Dna And Forensics Essay, Research Paper
DNA and Forensics
In my essay I will discuss the topic DNA and Forensics. This is an interesting topic because there have been great advances in the field of forensic science that have affected it’s credibility and usage in solving crimes that would otherwise go unsolved. DNA can be found in almost any bodily fluid (semen, saliva, blood, etc.) and in less obvious places such as a strand of hair. It has become a crucial part of investigating crimes, and will continue to develop this way.
DNA first came into use for forensic science in 1986. It was used by a scientist by the name of Alec Jeffreys and his colleagues from Leicester University. He was contacted by authorities to verify the confessions by a seventeen year old porter regarding a double rape-murder case. As it turns out, this boy proved to be “the first murderer to be cleared as a result of DNA fingerprinting”. (Joe Mickel and John F. Fischer, 1998)
DNA can be found in such things as blood and semen. It can also be found in such things as tissue found beneath the fingernails of a victim after a struggle, it can even be found in saliva cells left on a mouthpiece of a telephone after a conversation. DNA is everywhere in a persons body, and can not be replicated. It is unique to every person, but all blood relatives have similar qualities that make them identifiable. (Joe Mickel and John F. Fischer, 1998)
DNA stands for deoxyribonucleic acid, and it basically looks like a twisted ladder, or a double helix with rungs or base pairs. Guanine (G), Adenine (A), Thymine (T), and Cytosine (C) are the four bases that make up the base pairs. The bases don’t just pair with any other bases, there are certain predictable combinations: A with T and G with C, and these are true to any DNA. The human body contains in excess of three billion base pairs, only a few of these are what attract forensic attention. (Joe Mickel and John F. Fischer, 1998)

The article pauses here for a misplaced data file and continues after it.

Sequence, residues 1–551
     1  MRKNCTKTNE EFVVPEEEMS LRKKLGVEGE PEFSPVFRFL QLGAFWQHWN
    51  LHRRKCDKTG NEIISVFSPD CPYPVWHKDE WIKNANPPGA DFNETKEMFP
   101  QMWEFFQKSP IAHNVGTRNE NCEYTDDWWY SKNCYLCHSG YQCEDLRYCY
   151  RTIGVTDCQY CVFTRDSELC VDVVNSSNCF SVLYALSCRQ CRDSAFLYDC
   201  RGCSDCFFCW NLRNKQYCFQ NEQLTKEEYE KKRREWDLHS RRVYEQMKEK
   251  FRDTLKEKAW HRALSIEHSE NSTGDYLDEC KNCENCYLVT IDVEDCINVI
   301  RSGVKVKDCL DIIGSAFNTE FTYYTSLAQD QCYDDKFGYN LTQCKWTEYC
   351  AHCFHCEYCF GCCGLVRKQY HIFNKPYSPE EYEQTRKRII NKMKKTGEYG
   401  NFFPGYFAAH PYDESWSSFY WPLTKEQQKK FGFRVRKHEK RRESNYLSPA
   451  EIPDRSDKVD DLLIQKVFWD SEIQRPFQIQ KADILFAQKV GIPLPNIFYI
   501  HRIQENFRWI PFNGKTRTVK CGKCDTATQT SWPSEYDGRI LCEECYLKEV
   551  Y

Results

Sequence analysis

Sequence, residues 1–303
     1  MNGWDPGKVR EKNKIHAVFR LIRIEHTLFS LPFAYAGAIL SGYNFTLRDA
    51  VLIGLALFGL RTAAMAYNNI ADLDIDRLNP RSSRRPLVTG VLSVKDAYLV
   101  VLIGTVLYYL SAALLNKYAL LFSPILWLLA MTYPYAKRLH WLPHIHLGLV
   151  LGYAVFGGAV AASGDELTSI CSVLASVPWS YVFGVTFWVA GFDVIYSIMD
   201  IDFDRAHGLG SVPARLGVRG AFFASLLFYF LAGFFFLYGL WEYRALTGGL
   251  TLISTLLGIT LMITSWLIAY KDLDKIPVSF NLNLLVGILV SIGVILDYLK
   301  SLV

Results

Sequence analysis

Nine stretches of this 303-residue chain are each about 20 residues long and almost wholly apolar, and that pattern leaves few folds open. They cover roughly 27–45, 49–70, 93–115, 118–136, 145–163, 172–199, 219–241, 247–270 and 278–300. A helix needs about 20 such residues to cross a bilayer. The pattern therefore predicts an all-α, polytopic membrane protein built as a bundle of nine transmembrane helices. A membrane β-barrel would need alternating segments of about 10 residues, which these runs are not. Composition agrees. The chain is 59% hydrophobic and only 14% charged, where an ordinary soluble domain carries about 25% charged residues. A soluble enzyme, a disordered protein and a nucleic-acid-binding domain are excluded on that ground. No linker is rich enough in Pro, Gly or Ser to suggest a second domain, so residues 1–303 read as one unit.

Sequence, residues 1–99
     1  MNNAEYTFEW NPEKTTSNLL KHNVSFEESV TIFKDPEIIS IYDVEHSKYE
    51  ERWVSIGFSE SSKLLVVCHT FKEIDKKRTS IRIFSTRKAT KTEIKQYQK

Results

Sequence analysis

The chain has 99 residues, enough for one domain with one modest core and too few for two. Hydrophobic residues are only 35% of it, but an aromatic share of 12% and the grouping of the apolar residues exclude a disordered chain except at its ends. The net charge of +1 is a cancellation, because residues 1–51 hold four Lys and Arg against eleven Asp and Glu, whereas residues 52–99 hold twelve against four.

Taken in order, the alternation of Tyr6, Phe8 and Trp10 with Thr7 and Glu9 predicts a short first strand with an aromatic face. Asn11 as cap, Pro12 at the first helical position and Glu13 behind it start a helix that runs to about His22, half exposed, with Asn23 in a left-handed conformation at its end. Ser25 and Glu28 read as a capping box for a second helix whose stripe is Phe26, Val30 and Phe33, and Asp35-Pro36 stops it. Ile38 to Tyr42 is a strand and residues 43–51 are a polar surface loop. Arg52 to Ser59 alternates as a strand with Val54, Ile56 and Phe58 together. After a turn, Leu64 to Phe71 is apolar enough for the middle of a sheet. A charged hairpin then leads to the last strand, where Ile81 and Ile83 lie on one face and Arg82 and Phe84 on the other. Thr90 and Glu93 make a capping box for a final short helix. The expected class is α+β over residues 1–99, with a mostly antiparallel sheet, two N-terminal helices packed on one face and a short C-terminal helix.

The first of the two procedures I will discuss is restriction fragment length polymorphism (RFLP). It is used most in forensic science, but one of the few draw-backs are that it requires a larger quantity of the DNA and it also is more labor intensive, takes up more time, and requires radioactive reagents that require special procedures in the lab. Among it’s many advantages are the ability to narrow down a specimen to a narrow part of the population, maybe one in billions.
In contrast to RFLP, PCR (polymerase chain reaction) is easier to use and doesn’t require a large sample of the DNA involved. PCR can be applied to samples as small as a billionth of a gram. During PCR an enzyme known as DNA polyrase can be directed to duplicate a strand of DNA to duplicate several million times. This is the reason that this procedure can be applied to such small quantities. This provides enough of the sample for the testing/examining to begin.
There have been many cases in which courts have challenged DNA evidence, such as if the examining was done at a private lab, the court could challenge the standards as to which the lab runs at. However, DNA testing is widely accepted across the world because it is such a precise, accurate method of identifying a suspect, or victim (if they should be poorly decomposed, etc.) The DNA evidence could also be challenged because there is a great possibility that the samples and specimens to be examined, were:
A: Not collected properly
B: Not handled properly
DNA has taken years to develop and become accepted in court. On January 22, 1986, Robert Melias became the first person to be convicted of a crime (rape) because of DNA evidence. Ever since the two cases discussed (the other case discussed in paragraph two) DNA has become a great tool in solving murder, rape, and other mysteries that would otherwise go unsolved.